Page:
Ride the Eel in 1914

In another piece of old film posted to the YouTube, take a train ride down the main stem Eel River in 1914, going through the tunnels and watching a multitude of railroad workers duck out of the way in days long before Cal-OSHA.

For the Eel River history and ecology buffs, 1914 is well after the Cape Horn Dam was constructed in 1908, but eight years before the Scott Dam was constructed upstream.  Cape Horn only diverted water to the Russian River in the winter months, so this footage should be showing traditional late season flows in the main stem Eel River.

This video was linked in the comments, by “Gunther,” under last week’s 1942 logging video. Thanks to Gunther for this.

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35 comments

  • Very very cool Kym. Thank you

  • Thank you Kelley I really like seeing the history of were I’m living, it always amazes me. Thank you and Kym.

  • So enjoyable! Reading about the Eel River, learning ships used to navigate…cool seeing the River before the diversion of most of the water. 104 years ago….only 20 ish years since rails fell into the Eel…

  • Interesting the river looks like it has more water than we have in the summer… does not look low like I was expecting from how the dam officials speak of our rivers summer flows.

  • Old timer told me in 1914 at the end o summer Main stem Eel river was at least knee deep to a horse. Could you show the pics of the huge Chinook fall run salmon, caught near Cain Rock…. the 64 flood really filled the river bed w/ gravel… Imagine how many indian Village were pushed into the river. The site at Kekawaka was huge and ancient…. mostly all gone. there was a site at almost every creek crossing.All used for fill

  • One of your commenters posted this on a previous post:
    “In addition to the reduced flow of the main Eel from the dam building, RR construction had a largely unknown but significant impact on the river. As Ray Mathison shared in The History of Alderpoint: “As they started building along the river, everything was pushed over the bank into the river. This was the beginning of the destruction of the river. Also the beginning of the end of the big salmon runs. By the time the railroad was completed in 1914, a tremendous amount of material had been pushed into the Eel River. A lot of this Eel River canyon had big landslides. When the railroad was built this started the landslides moving. These were also shoved into the river. Then they blew out the falls near Kikawaka slide. This, over a period of years, let a lot of mountain slide into the river.
    Most of this material was put into the Eel River in the wintertime when the river was high, and it got carried down river. It was not many years before the river started to fill in and it wasn’t many years before the ships could no longer run up river as far as Scotia.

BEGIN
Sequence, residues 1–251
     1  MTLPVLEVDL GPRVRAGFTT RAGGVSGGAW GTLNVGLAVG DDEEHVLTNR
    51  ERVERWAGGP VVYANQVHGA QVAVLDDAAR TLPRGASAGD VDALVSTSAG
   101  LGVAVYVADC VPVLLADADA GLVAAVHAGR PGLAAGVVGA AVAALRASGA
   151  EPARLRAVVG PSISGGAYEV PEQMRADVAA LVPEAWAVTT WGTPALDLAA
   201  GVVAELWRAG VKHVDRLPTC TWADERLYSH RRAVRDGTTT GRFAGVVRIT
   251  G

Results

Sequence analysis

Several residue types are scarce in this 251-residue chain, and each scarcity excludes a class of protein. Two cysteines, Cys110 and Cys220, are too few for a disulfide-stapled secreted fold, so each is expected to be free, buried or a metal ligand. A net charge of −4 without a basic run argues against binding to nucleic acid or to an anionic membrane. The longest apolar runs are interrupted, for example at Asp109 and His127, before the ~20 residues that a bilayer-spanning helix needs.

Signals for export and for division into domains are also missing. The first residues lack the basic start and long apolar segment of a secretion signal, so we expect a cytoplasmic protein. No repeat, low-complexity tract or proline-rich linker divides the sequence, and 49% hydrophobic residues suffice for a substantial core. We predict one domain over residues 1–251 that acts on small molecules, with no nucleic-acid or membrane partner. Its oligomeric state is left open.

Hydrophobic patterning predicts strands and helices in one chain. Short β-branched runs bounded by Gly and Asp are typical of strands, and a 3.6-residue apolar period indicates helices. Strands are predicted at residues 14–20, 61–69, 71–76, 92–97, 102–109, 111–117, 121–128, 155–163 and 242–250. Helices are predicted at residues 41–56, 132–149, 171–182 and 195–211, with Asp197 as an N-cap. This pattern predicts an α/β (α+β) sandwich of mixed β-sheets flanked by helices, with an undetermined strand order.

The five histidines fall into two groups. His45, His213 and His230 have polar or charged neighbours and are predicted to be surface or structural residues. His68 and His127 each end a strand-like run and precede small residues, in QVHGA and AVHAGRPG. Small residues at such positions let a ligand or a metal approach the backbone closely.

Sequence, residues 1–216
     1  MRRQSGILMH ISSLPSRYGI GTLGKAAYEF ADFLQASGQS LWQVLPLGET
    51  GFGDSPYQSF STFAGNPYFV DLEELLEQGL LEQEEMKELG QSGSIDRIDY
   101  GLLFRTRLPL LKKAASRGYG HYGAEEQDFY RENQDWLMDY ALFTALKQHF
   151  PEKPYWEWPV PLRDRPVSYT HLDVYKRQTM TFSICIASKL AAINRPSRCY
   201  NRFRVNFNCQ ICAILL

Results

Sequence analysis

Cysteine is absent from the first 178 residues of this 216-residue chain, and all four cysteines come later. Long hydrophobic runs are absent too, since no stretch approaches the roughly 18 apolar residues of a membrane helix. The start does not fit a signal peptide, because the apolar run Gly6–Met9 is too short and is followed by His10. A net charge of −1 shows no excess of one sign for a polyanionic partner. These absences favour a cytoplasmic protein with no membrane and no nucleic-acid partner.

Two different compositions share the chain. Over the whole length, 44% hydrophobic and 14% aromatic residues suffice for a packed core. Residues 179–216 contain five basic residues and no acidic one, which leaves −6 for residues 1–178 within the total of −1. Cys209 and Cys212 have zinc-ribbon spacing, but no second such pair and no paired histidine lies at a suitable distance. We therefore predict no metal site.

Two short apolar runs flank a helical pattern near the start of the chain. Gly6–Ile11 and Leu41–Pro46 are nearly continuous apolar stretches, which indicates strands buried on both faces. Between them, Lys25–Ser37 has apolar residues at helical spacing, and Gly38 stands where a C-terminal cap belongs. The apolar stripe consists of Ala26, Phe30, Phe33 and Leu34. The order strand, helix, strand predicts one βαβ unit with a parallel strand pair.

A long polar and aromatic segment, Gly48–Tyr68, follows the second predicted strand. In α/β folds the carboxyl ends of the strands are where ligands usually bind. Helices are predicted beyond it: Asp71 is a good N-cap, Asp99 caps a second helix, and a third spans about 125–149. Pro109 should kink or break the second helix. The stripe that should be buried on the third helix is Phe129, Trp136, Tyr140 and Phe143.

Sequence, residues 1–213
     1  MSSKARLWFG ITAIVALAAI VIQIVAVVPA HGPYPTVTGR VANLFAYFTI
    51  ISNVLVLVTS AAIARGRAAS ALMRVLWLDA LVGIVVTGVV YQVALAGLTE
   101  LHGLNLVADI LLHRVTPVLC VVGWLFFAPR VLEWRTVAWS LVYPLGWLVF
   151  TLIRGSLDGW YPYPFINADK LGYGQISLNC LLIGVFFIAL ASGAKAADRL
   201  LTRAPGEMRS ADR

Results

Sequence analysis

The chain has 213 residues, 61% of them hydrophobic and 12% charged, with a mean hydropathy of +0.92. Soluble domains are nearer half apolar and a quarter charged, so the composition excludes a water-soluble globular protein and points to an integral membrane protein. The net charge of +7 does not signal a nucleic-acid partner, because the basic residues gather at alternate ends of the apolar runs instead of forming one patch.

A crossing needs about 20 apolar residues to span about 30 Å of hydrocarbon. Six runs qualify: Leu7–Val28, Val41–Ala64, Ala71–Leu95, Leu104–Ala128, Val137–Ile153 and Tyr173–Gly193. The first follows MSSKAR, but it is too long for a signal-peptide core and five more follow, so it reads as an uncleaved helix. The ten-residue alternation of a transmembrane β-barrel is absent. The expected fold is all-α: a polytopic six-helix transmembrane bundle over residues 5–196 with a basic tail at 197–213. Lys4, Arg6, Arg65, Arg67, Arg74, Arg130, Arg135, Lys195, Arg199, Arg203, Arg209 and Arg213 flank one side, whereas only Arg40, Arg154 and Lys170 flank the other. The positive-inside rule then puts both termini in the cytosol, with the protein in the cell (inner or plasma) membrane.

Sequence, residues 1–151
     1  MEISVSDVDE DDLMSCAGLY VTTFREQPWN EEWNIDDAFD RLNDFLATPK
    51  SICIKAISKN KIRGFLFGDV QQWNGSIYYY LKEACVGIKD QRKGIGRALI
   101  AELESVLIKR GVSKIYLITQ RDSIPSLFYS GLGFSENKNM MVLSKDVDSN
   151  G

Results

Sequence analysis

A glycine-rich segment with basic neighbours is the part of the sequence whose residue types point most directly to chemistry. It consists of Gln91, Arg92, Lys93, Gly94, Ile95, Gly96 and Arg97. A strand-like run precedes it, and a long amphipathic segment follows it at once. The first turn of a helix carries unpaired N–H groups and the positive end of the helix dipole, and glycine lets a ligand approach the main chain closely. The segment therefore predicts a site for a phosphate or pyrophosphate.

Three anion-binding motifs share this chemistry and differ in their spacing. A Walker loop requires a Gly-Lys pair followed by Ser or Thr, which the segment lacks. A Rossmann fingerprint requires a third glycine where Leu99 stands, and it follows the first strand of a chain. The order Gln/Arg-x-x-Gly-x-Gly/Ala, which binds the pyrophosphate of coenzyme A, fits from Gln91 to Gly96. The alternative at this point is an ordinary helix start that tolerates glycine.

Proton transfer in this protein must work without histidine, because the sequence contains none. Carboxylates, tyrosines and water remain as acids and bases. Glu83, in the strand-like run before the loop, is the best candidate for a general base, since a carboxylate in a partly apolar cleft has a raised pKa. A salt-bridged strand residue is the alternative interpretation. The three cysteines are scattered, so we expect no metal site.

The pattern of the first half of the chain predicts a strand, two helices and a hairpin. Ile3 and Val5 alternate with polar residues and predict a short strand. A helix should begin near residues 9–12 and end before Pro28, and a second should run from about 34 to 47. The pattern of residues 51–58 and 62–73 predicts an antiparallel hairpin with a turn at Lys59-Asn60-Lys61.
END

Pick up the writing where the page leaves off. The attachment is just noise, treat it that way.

All of this….plus a few dry years in the early thirties caused the big salmon to congregate in the lower part of the Eel River. There were so many of them and with the water being so low, they ran out of oxygen and died by the thousands….”
    Mr. Mathieson describes how when he moved back to Alderpoint in 1940, the largest salmon were gone. Fall runs still brought a salmon run but no more of the six-footers. Fall rains came later and later, the railroad now had bulldozers and shoved material over the banks faster, filling a lot of the big holes, particularly in the lowest part of the river.
    Despite warnings about the RR being placed below the historic flood levels of 1885, 1909, and 1935, RR equipment was left on the tracks and the floods of 1955 and 1964 did a lot of damage.
    “After the 1964 flood when they built the RR back they blew most of the big rocks out of the river (I’ll never understand why) completely ruining most of the fishing holes.
    The holes that are left have been filled to where they are only about 1/3 of the original size.” (as of 1998) “I have a picture of one of these holes taken in 1913; it had three big rocks. Now it has none and is completely in ruins. This was a hole where salmon and steelhead used to school up and rest before going on up the river” He goes on to report casual use of bulldozers by unsupervised RR workers and a look the other way attitude by Fish and Game men: ” I asked the Fish and Game men in 1975 why they allowed this river to be destroyed, they claimed to know nothing about it, and I told them they surely did know. That ended the conversation.” pp. 59-61”